By Tom Silverstein, Milwaukee Journal Sentinel –
GREEN BAY, Wis. — The hardest decision general manager Ted Thompson and coach Mike McCarthy will have when rosters are trimmed to the final 53 will be whether to pick Graham Harrell as the backup behind Aaron Rodgers.
The Green Bay Packers’ backup position didn’t require any skill other than holding a clipboard for a 16-year period spanning the 1990s and 2000s, and it may very well require nothing more this season.
But just as Ron Wolf and Mike Holmgren never took for granted Brett Favre’s ironman streak, Thompson and McCarthy can’t assume that Rodgers will replicate his unscathed 2011 season. They need to know if Harrell can win them a game or two if something were to happen to Rodgers.
There were no clear-cut answers Thursday night in the Packers’ lackluster 35-10 loss to the Cleveland Browns at Lambeau Field, although to the 68,021 who attended it certainly seemed like the verdict was in. Few left thinking Harrell was capable of the job.
“I don’t think about that kind of stuff,” Harrell said after completing 12 of 24 passes for 100 yards with two interceptions, leading the offense to a single field goal in eight series. “I’m just trying to play and have fun and play to the best of my ability.
“I’m trying to play football. I don’t worry about the rest of that. I’m just trying to get better and improve every day.”
McCarthy and his staff are going to have to spend a lot of time evaluating Harrell’s performance this week because time is running out on deciding whether he’s worthy of being the backup. If not, Thompson is going to have to comb through NFL rosters and figure out if there’s a veteran he can acquire through trade or off the street.
There will be some veterans on the trading block and some who are cut.
Factoring into the decision will be the circumstances Harrell had to face during the game. Throughout the entire first half, the Browns kept their No. 1 defense in the game while McCarthy took his No. 1 offense out after the first quarter.
As a result, some of the matchups weren’t what Harrell would face in a normal situation. Still, he was behind in a number of throws that looked like they could be completed, continuing a trend of inaccuracy that began with the San Diego game last week.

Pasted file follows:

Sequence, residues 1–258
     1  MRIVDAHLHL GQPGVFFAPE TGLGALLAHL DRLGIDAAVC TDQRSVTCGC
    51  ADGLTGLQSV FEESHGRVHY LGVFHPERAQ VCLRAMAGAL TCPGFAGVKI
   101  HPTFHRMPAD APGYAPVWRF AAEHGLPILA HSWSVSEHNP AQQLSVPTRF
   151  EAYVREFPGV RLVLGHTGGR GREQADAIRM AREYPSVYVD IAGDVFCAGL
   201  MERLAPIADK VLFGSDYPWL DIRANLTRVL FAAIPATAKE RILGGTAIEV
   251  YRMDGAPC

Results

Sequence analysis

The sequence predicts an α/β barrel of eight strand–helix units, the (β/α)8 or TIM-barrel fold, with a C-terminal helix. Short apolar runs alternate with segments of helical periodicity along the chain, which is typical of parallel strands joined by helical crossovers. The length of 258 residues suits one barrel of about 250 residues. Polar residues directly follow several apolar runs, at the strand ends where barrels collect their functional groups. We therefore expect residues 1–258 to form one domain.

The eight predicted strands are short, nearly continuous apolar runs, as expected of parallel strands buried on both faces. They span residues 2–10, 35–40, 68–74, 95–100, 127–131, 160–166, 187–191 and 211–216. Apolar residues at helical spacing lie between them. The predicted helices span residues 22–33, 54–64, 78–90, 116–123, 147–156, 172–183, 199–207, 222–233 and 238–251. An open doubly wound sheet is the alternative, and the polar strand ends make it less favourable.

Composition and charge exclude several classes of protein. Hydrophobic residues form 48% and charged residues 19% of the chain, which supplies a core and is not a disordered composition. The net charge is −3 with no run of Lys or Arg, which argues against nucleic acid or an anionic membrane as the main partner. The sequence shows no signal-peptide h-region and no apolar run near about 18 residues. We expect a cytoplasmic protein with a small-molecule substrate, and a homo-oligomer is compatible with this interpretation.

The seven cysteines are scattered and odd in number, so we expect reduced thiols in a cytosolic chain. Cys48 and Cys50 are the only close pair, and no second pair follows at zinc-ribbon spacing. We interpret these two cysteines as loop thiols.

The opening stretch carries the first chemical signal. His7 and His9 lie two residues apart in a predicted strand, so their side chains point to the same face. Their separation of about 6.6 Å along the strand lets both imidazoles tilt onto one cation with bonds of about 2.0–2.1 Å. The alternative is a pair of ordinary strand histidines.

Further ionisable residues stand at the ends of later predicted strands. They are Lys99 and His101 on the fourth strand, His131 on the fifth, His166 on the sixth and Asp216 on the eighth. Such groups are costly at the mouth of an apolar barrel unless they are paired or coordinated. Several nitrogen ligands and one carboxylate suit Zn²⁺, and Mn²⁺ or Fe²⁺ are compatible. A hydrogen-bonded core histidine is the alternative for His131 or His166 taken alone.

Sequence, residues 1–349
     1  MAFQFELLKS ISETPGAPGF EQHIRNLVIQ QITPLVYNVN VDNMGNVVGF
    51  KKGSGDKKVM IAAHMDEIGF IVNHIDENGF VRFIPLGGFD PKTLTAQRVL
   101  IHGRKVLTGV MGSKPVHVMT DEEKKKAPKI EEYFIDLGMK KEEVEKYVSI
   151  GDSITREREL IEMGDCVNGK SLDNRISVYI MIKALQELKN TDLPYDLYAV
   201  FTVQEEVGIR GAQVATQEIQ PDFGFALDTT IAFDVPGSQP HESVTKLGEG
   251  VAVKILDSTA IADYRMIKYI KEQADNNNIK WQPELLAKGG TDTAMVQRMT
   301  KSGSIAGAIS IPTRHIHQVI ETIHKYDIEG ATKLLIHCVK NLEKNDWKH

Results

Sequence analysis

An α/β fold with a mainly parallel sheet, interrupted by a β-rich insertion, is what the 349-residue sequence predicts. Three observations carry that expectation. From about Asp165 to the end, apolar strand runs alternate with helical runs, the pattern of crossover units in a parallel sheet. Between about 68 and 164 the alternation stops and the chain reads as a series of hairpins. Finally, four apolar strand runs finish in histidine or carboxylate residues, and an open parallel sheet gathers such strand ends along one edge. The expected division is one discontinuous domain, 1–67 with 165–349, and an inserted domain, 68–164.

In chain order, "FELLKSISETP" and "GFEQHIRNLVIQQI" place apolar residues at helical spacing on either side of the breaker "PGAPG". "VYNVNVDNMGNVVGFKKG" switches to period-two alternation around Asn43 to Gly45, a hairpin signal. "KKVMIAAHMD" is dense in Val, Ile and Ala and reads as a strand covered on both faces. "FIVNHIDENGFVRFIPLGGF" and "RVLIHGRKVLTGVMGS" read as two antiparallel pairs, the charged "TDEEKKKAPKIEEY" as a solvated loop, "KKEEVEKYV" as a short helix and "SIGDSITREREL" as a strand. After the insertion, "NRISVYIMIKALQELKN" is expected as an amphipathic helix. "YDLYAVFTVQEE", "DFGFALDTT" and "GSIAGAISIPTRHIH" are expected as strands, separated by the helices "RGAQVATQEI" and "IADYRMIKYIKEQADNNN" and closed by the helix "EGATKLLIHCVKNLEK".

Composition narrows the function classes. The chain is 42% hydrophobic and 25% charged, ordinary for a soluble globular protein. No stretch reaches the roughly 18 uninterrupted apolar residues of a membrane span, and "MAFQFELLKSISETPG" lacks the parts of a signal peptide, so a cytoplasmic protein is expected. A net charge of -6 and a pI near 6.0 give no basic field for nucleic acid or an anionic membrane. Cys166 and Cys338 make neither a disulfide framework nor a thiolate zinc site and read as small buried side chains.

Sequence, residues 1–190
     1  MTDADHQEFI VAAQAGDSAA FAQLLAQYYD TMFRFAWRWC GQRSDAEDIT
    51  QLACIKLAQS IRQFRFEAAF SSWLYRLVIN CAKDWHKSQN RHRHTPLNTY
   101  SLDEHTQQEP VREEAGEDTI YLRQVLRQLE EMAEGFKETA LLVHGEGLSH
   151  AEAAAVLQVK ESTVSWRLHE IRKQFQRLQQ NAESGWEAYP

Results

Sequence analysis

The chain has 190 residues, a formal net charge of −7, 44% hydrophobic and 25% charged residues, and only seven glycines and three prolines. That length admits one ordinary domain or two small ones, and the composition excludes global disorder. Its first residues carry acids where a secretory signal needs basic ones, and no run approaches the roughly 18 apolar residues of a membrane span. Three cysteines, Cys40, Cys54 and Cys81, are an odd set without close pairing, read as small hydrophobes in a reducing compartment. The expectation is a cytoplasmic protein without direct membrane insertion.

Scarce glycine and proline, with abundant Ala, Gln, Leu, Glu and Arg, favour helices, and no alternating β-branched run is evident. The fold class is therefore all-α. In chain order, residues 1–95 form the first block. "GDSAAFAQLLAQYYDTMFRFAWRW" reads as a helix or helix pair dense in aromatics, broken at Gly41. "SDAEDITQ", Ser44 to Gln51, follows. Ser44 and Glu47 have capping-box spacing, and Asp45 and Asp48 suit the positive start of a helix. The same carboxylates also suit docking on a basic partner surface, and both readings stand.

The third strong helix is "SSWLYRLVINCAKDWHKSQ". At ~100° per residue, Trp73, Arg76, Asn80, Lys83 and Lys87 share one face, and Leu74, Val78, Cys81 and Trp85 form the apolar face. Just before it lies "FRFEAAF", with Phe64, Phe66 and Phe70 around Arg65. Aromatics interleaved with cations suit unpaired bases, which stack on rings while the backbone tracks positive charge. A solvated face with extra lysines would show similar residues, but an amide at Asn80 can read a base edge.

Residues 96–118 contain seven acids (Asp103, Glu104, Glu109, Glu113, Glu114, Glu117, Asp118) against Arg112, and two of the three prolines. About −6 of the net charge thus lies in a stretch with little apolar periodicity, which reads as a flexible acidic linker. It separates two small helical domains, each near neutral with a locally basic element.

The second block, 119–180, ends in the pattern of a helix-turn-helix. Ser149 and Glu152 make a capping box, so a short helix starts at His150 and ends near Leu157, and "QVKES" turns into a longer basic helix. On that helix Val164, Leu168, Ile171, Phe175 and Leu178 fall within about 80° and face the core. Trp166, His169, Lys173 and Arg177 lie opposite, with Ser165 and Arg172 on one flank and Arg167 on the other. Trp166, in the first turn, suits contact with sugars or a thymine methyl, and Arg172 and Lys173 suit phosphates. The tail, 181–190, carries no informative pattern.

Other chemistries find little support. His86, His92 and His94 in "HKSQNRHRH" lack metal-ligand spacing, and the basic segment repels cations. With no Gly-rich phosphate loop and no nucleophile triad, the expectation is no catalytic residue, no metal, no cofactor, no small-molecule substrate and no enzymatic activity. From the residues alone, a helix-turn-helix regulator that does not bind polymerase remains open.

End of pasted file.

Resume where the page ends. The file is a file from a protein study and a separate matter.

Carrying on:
“He was put in some tough spots,” McCarthy said. “On the negative side, he missed some throws. We’ll take a close look at it. I can promise you that no one can coach or detail a quarterback or the play of a quarterback better than our coaches.”
Harrell said the Browns were playing press coverage in the first half and it might have affected some of the timing between quarterback and receiver. On his first three series, Harrell threw errant passes on third and 15, third and 8 and third and 10.
His first interception came on a Hail Mary at the end of the half that was thrown woefully short of the end zone.
In the second half, McCarthy tried to get Harrell in a rhythm with some short, timing throws, and with the Browns easing off their press coverage the backup began to complete passes. But on second and 5 at the Packers 31, he was pressured heavily on a bootleg to the right and his throw, which appeared to be on target, was picked off by safety David Sims and returned 38 yards for a touchdown.
The intended receiver, tight end Ryan Taylor, fell down on the route.
“That was the primary receiver,” McCarthy said, exonerating his quarterback.
Harrell got himself out of trouble with a couple of nice scrambles, rushing three times for 23 yards, which is something McCarthy noted as a positive.
“We’re pleased with his scrambling ability and his quarterback runs for first downs,” he said. “That’s something that wasn’t part of his game last year. He’s really improved in his pocket awareness.”
Harrell’s inability to finish drives, however, came into view after he stuck a couple of nice throws down the middle to receiver Jarrett Boykin for gains of 25 and 24 yards on consecutive throws.
But on second and 4 at the 22, receiver Andrew Brewer executed a perfect double-move and was open down the right sideline. Earlier, Rodgers had hit Jordy Nelson for a touchdown on a similar route, but Harrell sailed the ball over Brewer’s head.
“I definitely wanted that one,” Harrell said. “He ran a great route. When it came out of my hand I thought it was right there. I don’t know what happened. I just missed it. Maybe I was so surprised he was that open. For whatever reason, I missed it.”
As for his first half, Harrell said he would have to go back and see what happened with some of his throws.
Harrell won’t get as much time next week against Cincinnati because typically the third game is when Rodgers plays the most. In the fourth game, McCarthy will have to decide how much time to give to Harrell and how much to give to No. 3 B.J. Coleman, who played exactly one snap against the Browns, throwing an interception on his only pass.